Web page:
Logitech diNovo Mini Keyboard
Price Range: $143.60 - $149.99
CNET Editors' Rating: 4.0 / 5
The good: The Logitech diNovo Mini's elegant design won't besmirch your living room; it gives the HTPC owner full cursor control; keyboard is well-suited to situational typing; easy setup; it works with your PS3.
The bad: Pricey; touch pad occasionally inaccurate; no Xbox 360 or Apple support.
The bottom line: If you're a home theater PC owner looking for the perfect input device, look no further. Logitech has melded the keyboard of a BlackBerry with a flexible cursor control pad into an attractive, coffee-table-ready package that will let you master your HTPC without cluttering up your living room with clunky hardware.
Design, Features & Performance (out of 10)
Logitech's diNovo Mini does for home theater PC keyboards what Apple's iPod did to the MP3 player. Granted, there are many more digital music listeners than HTPC owners out there, but if you are a member of the latter category, you'll love the diNovo Mini because it solves one of the main dilemmas of HTPC ownership: how to take full control of your PC and its media functions without relying on multiple or clunky input devices. The price of the diNovo Mini is $150, which admittedly is steep for what's essentially a BlackBerry keyboard with a control pad and a Bluetooth connection. We'd pay it, though, when the diNovo Mini comes out at the end of February, because the tiny keyboard so effectively addresses what's been a nagging issue for an entire product category.
Like the iPod, the Logitech diNovo Mini boasts a pleasing visual aesthetic that seems inseparable from its functionality. The clamshell design feels right in your hand, and it would look as at home on your coffee table as any remote control. It weighs only 0.4 pound and is roughly three-quarters of an inch high and six inches long. Open it up and you're treated to a small-scale, 61-key keyboard, backlit in either orange or green, depending on the mode of the control pad.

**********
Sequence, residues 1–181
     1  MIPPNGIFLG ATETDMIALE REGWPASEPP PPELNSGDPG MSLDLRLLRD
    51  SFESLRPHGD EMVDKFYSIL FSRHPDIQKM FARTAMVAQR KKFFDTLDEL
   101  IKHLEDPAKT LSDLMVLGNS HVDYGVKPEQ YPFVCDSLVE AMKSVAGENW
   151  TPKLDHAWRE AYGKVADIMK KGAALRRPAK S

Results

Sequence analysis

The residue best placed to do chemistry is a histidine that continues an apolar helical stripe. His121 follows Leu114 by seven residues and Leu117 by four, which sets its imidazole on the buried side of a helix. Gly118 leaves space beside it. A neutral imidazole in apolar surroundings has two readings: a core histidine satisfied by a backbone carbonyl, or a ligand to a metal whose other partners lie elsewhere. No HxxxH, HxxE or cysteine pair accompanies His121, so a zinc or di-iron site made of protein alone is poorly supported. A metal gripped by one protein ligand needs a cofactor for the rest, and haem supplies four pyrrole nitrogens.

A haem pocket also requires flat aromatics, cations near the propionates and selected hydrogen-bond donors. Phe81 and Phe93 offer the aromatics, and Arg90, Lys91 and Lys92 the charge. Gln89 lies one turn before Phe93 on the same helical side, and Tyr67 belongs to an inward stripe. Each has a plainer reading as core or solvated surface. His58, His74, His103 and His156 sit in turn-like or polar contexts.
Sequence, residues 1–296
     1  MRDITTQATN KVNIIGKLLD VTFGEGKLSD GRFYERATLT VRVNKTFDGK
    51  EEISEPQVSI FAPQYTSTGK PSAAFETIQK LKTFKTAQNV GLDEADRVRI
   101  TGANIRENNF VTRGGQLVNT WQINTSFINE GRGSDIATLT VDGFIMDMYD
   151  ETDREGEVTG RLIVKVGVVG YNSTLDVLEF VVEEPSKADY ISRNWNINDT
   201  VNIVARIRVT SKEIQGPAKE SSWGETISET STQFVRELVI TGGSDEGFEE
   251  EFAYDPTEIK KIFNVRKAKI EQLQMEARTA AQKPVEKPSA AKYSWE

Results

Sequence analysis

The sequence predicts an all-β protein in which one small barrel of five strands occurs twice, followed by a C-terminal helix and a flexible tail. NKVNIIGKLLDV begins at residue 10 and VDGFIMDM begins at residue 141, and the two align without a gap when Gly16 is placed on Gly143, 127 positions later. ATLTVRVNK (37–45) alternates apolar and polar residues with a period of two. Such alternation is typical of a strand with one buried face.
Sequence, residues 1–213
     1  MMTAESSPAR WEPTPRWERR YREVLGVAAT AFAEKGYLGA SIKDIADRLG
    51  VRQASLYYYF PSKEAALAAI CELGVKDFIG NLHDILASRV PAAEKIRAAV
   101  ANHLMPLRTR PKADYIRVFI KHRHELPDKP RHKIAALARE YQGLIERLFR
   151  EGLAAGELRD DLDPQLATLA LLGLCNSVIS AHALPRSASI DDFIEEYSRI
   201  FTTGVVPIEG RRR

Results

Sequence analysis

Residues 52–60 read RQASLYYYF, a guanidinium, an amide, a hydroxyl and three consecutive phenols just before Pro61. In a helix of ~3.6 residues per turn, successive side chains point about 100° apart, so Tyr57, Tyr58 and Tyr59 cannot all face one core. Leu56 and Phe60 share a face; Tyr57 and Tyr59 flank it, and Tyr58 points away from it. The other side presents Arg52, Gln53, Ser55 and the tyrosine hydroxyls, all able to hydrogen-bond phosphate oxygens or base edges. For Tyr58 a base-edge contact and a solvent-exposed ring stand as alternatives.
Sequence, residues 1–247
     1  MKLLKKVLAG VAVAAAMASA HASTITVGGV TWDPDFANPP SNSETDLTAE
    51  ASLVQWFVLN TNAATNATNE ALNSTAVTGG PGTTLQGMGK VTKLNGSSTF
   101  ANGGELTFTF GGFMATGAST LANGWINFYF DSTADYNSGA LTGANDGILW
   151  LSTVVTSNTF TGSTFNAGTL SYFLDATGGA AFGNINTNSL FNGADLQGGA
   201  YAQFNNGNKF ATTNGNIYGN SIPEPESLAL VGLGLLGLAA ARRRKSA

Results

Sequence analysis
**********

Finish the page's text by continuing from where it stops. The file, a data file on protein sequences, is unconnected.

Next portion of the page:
The control pad itself lets you change from analog, touch-pad-style control, to directional up-down-left-right controls by sliding a small switch. The idea is that you'd want it in touch pad mode for navigating a Web page or the Windows desktop, but that the directional controls are better for working your way through a set of linear menus, such as those in Windows Media Center. The middle of the pad acts like your main mouse button, and you hold down one of the function buttons and a menu button on the keyboard for right-clicking. It's more intuitive than it sounds, and our only complaint is that the d-pad mode was sometimes not as responsive as we'd like. The analog mode is fine though, and consistent with the quality of Logitech's MX Air mouse, itself a major improvement over the touch pad on the old diNovo Edge keyboard.
Typing on the diNovo Mini is fully in the BlackBerry school. Especially since the width is about that of your average game controller, you're encouraged to use your thumbs for typing. The keys are large enough so that thumb-typing isn't a problem, and you might be surprised at how well basic touch typing familiarity translates from your 10 fingers to only your thumbs. We wouldn't use the diNovo Mini to type a dissertation, but for password entry, instant messaging, keyword searches, and typing in the occasional Web address, it's perfect. In other words, it's designed to serve the most common needs of a home theater PC owner.
That brings us to the comparisons. We've seen several products over the years purporting to be ideal for controlling your Media Center PC. Your typical wireless keyboard often claims some kind of multimedia functionality, but most of them, such as the diNovo Edge and Microsoft's Wireless Entertainment Desktop 7000 and 8000, are full size and geared toward a traditional desktop. We can't ever see putting one of them in your living room with a true home theater PC such as the Alienware Hangar18. The alternative has been the small-scale keyboard, such as the Gyration model or the Vidabox trackball keyboard. And as much as we liked the trackball on the Vidabox keyboard, neither of those scaled-down keyboards can compete with the versatility or the visual elegance of the diNovo Mini.